Religious organisations in Victoria are demanding reopening of churches, temples and mosques, denouncing a ‘discrepancy’ in the state's COVID-19 roadmap that allows indoor gatherings in restaurants and cafes but not in places of worship.
Over a dozen religious organisations, including the Greek Orthodox Archdiocese of Australia, the Islamic and Hindu Councils, have joined forces to demand reopening of their places of worship to the faithful under Step 3 of COVID-19 Roadmap.
- A coalition of Victorian faith groups is petitioning for amending of the state’s reopening strategy to allow for indoor gatherings of worshippers.
- The campaign organisers claim people of faith are being treated 'unfairly’ under step 3 of the roadmap.
- The Greek Orthodox Archdiocese says there's a discrepancy between the treatment of religious organisations and the hospitality sector
An online petition under the Equality for Victoria’s People of Faith campaign has so far gathered over 10,000 signatures, which was also mentioned in the state Legislative Assembly by Liberal MP Brad Rowswell this week.
The petition - addressed to the Victorian Premier, Daniel Andrews - calls for amending the COVID-19 roadmap so that "people of faith and places of worship are treated equitably and fairly".
These religious organisations argue that that the provision for outdoor religious gatherings for up to 10 worshippers and indoor worship restricted to household bubbles, under step 3 of the roadmap sits in contrast with cafes and restaurants being allowed to host a greater number of patrons in both settings.
“There is no logical reason for this discrepancy,” the petition reads, asking for religious organisations to be given the same opportunity to reopen with equal density quotient as the hospitality sector.
Fr Evmenios Vasilopoulos, Archdiocesan Vicar for Northcote from the Greek Orthodox Archdiocese, says places of worship had been left out of Victoria's reopening roadmap.
He says Outdoor services are "impractical for many doctrines including Orthodoxy”.
“What we’re asking for is an opportunity for places of worship to operate again in a COVID-safe and law-compliant way, and we know we can do it. We did it under the previous lockdown.
“If they allow for people [to gather] in restaurants, why not the faithful in places of worship? We want equitable treatment and what we’re seeing is a bit hypocritical.”
Citing 2016 census figures that show 60 per cent of Victorians identified as religious, the petition argues that public worship is essential to their wellbeing.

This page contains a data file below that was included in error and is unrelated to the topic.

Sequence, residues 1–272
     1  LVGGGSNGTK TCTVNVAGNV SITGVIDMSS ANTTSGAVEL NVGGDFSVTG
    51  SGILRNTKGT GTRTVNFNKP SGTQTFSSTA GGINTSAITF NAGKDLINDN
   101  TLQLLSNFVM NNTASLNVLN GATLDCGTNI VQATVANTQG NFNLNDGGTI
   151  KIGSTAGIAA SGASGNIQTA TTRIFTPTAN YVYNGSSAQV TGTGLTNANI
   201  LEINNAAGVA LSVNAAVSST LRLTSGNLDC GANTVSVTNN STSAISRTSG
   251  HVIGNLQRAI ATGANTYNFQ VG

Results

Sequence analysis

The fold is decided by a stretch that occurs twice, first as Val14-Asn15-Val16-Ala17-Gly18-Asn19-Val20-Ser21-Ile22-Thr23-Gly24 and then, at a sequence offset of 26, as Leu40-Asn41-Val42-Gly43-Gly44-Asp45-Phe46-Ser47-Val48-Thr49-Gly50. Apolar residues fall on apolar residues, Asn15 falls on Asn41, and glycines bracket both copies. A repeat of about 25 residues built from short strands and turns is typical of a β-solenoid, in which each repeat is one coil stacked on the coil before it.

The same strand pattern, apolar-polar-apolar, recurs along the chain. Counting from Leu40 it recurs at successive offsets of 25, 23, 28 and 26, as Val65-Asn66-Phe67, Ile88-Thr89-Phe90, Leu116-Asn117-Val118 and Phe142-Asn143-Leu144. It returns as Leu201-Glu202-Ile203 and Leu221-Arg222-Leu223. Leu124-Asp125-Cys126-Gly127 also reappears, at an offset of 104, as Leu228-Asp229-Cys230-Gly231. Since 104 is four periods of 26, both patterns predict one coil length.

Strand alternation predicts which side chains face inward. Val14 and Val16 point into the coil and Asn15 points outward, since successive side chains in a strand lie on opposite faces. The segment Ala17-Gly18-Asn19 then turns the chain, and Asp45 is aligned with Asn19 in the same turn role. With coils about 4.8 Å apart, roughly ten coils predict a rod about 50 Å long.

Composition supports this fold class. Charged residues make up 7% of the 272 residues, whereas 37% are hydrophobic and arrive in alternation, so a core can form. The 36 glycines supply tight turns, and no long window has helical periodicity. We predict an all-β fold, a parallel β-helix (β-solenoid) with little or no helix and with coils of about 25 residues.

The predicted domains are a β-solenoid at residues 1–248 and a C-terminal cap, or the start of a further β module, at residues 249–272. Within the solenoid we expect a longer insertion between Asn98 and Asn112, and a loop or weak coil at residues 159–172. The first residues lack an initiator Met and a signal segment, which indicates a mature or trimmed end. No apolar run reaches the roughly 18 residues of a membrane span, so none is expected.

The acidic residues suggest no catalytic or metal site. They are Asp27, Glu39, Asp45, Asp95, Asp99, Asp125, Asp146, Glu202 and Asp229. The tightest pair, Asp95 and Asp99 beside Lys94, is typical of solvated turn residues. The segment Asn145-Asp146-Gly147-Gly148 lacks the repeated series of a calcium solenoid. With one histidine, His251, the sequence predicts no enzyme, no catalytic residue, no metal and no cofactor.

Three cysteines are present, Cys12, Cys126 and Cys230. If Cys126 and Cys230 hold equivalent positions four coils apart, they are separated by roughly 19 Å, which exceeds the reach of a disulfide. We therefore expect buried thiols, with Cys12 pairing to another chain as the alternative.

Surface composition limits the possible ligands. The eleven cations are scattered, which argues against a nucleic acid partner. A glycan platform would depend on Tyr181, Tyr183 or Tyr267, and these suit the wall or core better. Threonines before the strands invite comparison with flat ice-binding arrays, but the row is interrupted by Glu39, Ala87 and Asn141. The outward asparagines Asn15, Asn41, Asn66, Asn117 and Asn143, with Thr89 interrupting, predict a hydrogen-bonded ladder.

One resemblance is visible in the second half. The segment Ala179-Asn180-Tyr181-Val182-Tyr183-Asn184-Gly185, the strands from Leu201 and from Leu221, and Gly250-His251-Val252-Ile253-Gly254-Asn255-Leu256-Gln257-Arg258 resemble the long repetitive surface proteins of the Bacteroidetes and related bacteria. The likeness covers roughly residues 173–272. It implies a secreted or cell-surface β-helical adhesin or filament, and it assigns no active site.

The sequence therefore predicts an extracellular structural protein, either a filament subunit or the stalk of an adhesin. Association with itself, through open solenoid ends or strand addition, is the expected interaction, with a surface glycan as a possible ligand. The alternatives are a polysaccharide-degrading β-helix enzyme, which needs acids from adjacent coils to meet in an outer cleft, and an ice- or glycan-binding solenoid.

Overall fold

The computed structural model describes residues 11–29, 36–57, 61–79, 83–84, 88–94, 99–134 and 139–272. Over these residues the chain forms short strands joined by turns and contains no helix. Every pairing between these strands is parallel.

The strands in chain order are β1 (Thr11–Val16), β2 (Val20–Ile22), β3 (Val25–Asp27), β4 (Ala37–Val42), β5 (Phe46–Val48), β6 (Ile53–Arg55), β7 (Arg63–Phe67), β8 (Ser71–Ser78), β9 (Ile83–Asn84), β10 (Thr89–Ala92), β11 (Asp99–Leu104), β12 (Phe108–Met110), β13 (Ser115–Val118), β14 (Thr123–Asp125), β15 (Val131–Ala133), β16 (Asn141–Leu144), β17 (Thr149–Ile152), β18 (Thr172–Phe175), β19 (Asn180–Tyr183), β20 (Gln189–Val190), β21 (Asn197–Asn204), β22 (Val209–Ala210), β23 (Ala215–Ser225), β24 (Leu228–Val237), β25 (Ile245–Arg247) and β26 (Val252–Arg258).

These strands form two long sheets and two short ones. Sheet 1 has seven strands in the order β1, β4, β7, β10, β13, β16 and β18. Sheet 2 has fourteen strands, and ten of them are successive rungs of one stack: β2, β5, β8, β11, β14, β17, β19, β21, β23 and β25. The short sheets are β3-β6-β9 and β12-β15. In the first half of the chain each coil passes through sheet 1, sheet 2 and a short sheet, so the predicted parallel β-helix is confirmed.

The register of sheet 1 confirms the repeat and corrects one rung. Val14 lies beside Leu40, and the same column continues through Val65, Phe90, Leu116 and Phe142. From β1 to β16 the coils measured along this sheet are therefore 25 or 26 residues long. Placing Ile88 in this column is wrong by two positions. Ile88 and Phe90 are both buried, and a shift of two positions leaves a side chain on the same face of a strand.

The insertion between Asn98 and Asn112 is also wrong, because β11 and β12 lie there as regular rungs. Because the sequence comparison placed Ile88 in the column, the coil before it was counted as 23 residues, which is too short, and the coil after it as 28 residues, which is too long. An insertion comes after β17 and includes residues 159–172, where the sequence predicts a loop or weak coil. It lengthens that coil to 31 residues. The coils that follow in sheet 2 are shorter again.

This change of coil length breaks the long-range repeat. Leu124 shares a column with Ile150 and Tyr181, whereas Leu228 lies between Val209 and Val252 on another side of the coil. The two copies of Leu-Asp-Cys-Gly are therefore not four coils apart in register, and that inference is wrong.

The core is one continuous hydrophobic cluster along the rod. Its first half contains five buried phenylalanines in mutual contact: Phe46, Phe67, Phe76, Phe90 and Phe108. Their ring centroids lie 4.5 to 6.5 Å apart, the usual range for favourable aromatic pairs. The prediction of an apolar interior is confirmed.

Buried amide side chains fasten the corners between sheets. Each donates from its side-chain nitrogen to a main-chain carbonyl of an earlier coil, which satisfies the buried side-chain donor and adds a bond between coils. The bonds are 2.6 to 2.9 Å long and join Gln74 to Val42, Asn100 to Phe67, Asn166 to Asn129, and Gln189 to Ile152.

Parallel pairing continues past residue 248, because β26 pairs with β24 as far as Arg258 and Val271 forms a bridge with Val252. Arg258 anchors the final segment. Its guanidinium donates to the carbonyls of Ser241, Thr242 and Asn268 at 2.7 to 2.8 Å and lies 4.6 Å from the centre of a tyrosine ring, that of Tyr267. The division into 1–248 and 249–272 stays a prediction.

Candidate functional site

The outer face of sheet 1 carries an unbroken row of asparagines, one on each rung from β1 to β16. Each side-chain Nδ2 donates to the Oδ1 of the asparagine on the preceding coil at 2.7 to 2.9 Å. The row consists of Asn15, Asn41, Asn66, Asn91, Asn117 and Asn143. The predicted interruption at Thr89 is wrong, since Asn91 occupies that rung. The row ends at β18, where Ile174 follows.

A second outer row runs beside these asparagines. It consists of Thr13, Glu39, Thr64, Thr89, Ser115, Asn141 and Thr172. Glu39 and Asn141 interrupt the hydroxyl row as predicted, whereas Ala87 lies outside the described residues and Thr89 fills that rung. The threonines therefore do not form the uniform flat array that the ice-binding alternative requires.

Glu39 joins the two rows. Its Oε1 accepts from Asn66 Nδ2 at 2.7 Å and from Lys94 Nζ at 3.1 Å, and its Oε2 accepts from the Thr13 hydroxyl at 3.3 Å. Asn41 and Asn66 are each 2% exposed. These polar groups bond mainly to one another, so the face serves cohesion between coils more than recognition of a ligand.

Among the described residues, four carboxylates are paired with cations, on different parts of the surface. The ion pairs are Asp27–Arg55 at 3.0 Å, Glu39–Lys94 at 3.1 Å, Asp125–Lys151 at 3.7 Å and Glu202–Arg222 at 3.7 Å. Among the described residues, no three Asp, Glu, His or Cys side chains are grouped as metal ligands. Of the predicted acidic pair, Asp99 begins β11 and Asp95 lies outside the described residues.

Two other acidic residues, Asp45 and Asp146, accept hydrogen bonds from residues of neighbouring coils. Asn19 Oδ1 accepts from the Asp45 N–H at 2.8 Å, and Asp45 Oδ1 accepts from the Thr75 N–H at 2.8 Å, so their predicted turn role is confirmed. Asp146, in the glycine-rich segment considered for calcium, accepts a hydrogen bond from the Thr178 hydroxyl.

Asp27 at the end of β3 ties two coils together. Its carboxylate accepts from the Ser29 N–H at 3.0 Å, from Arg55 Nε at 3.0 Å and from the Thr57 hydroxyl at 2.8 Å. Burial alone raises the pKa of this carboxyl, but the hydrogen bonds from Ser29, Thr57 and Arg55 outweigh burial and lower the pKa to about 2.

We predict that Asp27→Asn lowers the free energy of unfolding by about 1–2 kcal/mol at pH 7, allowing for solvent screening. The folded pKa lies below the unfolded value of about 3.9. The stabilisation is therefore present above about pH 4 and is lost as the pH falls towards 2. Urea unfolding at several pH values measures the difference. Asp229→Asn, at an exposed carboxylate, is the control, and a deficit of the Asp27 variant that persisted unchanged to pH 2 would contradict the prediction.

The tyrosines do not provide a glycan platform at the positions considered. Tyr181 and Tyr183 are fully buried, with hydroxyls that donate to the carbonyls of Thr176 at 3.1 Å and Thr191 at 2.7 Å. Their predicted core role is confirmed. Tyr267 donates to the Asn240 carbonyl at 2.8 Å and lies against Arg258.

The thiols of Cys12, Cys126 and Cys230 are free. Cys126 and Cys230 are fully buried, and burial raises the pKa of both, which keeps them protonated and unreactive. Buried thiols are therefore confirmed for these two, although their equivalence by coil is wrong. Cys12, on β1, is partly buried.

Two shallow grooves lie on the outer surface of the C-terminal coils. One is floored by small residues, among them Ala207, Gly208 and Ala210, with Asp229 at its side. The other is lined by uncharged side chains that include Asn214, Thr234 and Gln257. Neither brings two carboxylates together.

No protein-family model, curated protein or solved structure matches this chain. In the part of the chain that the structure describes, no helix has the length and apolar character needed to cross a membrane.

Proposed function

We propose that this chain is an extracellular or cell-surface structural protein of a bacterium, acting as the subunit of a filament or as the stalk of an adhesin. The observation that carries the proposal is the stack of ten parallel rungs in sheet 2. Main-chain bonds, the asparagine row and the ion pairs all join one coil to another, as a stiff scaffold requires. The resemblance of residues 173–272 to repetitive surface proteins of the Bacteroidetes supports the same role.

“As it stands, the 'Roadmap' suggests that our wellbeing has not been given due consideration,” the petition reads.
Vice President of the Islamic Council of Victoria, Adel Salman says the government should allow reopening of places of worship now.
"For people of faith to be deprived of their ability to attend and perform their religious duties in these places of worship a day longer than they absolutely have to is wrong.
"We respect that the government is trying to manage that they are trying to manage this as best as they can, but we are seeing a lack of consistency when it comes to houses of worship," he told SBS Greek.
He says not being able to pray in a mosque is leaving a "gap" in the lives of many Muslims.
"A lot of people have really felt a loss - mosques play such a pivotal role in the lives of Muslims. Not being able to attend the mosque is a huge sacrifice these people have made. There's no question that people need spiritual sustenance and places of worship play that role," says Mr Salman.
The announcement for what the next phase of easing of restrictions in Victoria entails is expected on Sunday, 18 October.
Metropolitan Melbourne was due to get on an equal footing with regional Victoria in step 3 of the plan. But it is predicated on case numbers for metropolitan Melbourne - a 14-day average of fewer than five cases per day and less than five mystery cases, to take that next step.
With the numbers still stubbornly well-above the set mark, Premier Daniel Andrews has indicated that the roadmap out of lockdown is likely to be reassessed with regard to the number of cases.
Mr Andrews suggested that relaxed measures from next week in Melbourne will focus more on social interaction, flagging an easing of restrictions for businesses in regional Victoria.
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